Meet LONG JOHN McRON, SHIP'S COOK . . . and the most unusual babysitter you've ever seen.
Long John has a whole crew of wild pirates in tow, and - for two intrepid children - he's about to transform a perfectly ordinary evening into a riotous adventure beneath a pirate moon. It's time to make some PIRATE STEW.
Pirate Stew! Pirate Stew!Pirate Stew for me and you!Pirate Stew, Pirate StewEat it and you won't be blueYou can be a pirate too!
Dragons! Daring! Danger! The first fully illustrated edition of Harry Potter and the Goblet of Fire is an extraordinary creative achievement by two extraordinary talents. Jim Kay's inspired reimagining of J.K. Rowling's classic series has captured a devoted following worldwide, and the drama just gets bigger as the series progresses. With over 150 illustrations, Jim Kay's unique vision delivers breathtaking scenes and unforgettable characters - including fan favourites Cedric Diggory, Fleur Delacour and Viktor Krum illustrated by Jim Kay for the first time.
Fizzing with magic and brimming with humour, this full-colour edition will captivate fans and new readers alike as Harry, now in his fourth year at Hogwarts School of Witchcraft and Wizardry, finds himself competing in the legendary Triwizard Tournament and facing death-defying tasks, dragons and Dark wizards . Making magic in paint, pencil and pixels, this is the Wizarding World as we have never seen it before.
In the frost-covered forest of early spring, fox is on a mission to find food for her three cubs. As they grow, she teaches them how to survive in the wild. Until one day, fox dies. Her body goes back to earth and grass and air, nourishing the world around her and bringing the forest to life. Death is not just an end, it's also a beginning.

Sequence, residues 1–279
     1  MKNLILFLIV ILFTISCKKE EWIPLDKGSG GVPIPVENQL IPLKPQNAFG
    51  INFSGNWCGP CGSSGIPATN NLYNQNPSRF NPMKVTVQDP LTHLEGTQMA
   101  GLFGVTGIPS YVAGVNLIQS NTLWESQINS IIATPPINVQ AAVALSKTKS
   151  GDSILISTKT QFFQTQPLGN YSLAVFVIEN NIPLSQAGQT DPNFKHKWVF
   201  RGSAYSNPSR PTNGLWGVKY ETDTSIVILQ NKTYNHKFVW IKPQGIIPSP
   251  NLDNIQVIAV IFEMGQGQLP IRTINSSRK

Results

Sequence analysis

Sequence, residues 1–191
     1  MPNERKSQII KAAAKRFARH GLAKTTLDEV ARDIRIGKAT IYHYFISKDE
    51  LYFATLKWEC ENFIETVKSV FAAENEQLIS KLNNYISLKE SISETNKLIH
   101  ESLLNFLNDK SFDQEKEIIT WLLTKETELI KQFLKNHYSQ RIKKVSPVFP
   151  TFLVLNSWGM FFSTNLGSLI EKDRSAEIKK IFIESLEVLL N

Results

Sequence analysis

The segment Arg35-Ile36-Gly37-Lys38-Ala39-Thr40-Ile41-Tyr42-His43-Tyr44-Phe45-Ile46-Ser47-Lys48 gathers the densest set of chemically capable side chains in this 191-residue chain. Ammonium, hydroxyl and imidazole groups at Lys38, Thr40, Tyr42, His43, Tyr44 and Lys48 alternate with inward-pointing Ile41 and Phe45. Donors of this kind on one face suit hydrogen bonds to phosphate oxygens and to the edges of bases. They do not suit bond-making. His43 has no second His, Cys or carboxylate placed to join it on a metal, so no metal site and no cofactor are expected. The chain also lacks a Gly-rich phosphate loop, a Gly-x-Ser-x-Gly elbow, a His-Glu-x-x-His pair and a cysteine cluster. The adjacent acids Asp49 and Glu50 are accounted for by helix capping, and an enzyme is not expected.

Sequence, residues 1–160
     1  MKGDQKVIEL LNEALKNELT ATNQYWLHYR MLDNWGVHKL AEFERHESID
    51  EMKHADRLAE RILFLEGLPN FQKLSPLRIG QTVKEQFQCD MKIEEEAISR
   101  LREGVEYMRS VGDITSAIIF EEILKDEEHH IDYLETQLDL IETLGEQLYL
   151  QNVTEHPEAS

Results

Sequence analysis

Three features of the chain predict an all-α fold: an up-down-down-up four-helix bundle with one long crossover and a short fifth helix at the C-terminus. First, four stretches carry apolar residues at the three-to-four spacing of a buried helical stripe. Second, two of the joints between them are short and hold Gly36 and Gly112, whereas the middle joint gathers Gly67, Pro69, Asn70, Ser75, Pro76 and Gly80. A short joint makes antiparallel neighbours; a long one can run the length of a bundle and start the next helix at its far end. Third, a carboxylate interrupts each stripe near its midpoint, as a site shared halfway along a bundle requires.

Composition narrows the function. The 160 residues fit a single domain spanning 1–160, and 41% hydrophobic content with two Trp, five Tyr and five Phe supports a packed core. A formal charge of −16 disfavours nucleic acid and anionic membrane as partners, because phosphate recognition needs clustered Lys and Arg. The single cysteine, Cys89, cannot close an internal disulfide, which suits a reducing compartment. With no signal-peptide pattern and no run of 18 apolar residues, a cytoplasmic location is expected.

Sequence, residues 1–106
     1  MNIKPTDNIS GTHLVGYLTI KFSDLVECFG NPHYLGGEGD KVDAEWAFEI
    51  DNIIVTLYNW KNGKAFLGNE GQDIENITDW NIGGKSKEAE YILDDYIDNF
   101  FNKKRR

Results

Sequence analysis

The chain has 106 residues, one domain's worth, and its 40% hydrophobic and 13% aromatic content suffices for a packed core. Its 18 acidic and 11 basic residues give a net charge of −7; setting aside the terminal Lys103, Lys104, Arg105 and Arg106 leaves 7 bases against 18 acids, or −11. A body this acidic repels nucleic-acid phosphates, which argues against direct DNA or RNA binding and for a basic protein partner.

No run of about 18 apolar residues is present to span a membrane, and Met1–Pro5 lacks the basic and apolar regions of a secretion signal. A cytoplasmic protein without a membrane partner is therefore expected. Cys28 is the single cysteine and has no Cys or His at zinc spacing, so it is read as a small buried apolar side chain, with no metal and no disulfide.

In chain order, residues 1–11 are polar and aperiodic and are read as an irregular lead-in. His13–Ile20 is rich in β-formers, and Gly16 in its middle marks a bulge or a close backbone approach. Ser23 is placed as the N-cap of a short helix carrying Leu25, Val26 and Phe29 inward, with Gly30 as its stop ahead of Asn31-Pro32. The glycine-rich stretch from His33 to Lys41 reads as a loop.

Fox: A Circle of Life Story answers the big scientific question: What happens when we die?
Bringing together an evocative non-fiction narrative with breath-taking illustrations, this book will help parents and children to talk about life and death. It introduces the scientific concept that death leads to new life, and that this way of understanding the world is no less beautiful and awe-inspiring than traditional stories.
Christmas comes but once a year. Luckily . . . The Christmas holiday is, traditionally, a time when families gather together. In Ralph's case this means ten or more relatives coming to stay, including assorted aunts and uncles, nutty Great-Aunt Ida (the Home tells them to be careful not to let her out) and his ghastly cousins: Titania in her silly, sick-making frilly fairy dresses and the twins Sylvester and Sylvia (it took until Easter last year before the family dog got over them).
Jammed into one small house for three days of merriment and family fun, with the tv on the blink and Mum on the verge of a breakdown, it soon becomes obvious that, in this house, more definitely does not mean merrier . . .